more convincing than the expert before
an equally ignorant audience. Is this what
GORGIAS: This is what happens in that
case, no doubt.

Of course, no one reading Plato’s dialogue from the Fifth Century B.C.E. down to the present, could miss his intention. Clearly, Plato wished to take aim at Athens’ politicians who, in his view, were nothing more than clever orators who used Athens’ democratic political system to advance their own private self-interest. But, Plato’s aim was not simply philosophical. Athenian democracy had, quite literally, been the death of Plato’s mentor, Socrates.

Socrates we will remember had been a supporter of Athens’ old non-democratic, yet for the most part republican, oligarchs. Following Pericles’ rise to power and his irrational campaign to lead Athens into war (the famous Peloponnesian War, in which Socrates served two tours of duty), Socrates had taken to the streets openly criticizing Athens’ all-powerful, though democratically elected, demagogue. Not surprisingly, Pericles’ hand-picked jurists, drawn from Athens’ lower, uneducated, classes, dutifully fulfilled their responsibilities. They tried Socrates and found him guilty of treason.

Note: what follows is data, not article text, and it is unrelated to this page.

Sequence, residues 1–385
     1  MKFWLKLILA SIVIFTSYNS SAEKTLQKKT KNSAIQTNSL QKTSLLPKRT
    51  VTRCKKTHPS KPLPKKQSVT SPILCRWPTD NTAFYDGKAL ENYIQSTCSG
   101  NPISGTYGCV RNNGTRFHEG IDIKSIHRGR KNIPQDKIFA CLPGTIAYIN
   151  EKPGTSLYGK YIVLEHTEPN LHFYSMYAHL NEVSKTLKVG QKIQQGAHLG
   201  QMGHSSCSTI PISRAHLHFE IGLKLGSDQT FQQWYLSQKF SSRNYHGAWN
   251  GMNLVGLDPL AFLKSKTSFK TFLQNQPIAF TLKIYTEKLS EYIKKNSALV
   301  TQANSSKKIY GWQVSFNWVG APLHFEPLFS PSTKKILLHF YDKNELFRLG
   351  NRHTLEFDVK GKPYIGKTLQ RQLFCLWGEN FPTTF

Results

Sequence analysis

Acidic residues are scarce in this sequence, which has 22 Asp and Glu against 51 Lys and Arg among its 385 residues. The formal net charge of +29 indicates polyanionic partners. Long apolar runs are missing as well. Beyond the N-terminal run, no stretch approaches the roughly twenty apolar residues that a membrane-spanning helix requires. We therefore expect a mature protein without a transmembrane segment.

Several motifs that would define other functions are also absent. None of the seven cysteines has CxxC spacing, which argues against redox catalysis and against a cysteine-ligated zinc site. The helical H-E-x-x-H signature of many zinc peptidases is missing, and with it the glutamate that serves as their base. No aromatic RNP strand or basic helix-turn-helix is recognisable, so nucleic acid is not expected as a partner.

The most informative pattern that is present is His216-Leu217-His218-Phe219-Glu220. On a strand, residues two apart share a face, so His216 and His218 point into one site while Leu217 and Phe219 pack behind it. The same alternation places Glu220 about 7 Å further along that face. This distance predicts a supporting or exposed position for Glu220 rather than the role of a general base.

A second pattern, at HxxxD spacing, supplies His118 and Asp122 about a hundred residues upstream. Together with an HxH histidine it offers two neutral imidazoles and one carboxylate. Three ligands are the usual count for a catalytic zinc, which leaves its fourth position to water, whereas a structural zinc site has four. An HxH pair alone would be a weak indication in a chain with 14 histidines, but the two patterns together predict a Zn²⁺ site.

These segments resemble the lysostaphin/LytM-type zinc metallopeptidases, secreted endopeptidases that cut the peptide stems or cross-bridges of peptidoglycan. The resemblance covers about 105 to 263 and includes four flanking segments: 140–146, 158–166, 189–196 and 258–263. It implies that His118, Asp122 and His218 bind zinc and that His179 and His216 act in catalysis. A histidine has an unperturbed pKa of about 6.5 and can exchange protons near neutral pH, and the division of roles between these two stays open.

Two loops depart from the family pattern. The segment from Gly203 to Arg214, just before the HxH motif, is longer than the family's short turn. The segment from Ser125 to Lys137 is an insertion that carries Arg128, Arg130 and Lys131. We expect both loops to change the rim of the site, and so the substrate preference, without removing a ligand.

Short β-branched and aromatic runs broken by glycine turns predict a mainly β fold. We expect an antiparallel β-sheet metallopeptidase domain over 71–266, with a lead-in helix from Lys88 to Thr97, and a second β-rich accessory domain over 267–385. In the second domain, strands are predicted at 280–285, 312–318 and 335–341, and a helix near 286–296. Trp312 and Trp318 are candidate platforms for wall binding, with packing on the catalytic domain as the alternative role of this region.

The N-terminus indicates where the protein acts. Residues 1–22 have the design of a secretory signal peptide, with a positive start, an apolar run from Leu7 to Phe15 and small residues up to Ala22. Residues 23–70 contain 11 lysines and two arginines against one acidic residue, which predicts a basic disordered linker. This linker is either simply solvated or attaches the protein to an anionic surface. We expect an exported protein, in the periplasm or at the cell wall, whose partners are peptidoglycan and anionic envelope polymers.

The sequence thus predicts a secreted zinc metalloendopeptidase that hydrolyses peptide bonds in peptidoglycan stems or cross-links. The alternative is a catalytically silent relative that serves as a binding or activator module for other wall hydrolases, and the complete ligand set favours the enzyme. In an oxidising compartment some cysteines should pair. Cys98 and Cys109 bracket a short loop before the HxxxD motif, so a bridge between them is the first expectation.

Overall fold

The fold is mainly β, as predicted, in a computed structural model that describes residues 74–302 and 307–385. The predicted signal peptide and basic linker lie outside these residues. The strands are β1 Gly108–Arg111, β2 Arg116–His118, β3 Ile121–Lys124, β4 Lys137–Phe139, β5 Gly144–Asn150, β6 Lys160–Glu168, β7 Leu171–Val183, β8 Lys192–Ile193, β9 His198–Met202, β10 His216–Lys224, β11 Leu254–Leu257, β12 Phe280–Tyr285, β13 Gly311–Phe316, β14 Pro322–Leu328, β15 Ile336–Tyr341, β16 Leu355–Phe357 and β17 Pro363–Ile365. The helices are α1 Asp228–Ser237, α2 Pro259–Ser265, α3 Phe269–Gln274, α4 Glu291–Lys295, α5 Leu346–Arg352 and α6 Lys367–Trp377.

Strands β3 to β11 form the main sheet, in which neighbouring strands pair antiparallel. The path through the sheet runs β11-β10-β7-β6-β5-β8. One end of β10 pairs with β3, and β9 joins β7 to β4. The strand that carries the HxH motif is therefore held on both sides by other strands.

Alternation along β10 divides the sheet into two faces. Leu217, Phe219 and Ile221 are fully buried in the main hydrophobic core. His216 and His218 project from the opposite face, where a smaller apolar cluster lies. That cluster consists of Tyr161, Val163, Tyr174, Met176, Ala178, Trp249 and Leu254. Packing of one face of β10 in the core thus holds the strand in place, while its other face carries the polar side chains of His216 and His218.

Was the guilty verdict unfounded? No, not entirely. Socrates had been walking the streets espousing views that could easily be taken as treasonous. Plato’s point was that prior to Pericles’ “democratic” rule, views such as those espoused by Socrates were commonplace, particularly among Athens’ oligarchs. These oligarchs had not had to seek approval from those least capable of judging the merits between one argument and another. Pericles had changed all of this. He had had the oligarchs put to death or forced them to flee. In their place he had seated the demos, the people; not because he believed them capable of self-governance, but because he believed that he could convince them to do whatever he wished. For, as Plato put it, “an ignorant person is more convincing than the expert before an equally ignorant audience.”

Could it be that it was this story that the framers of the U.S. Constitution had in mind when they locked the anti-federalists and democrats out of the convention? Not only could it have been this story. It was almost surely this story. Read Federalist No. 6, written by Alexander Hamilton: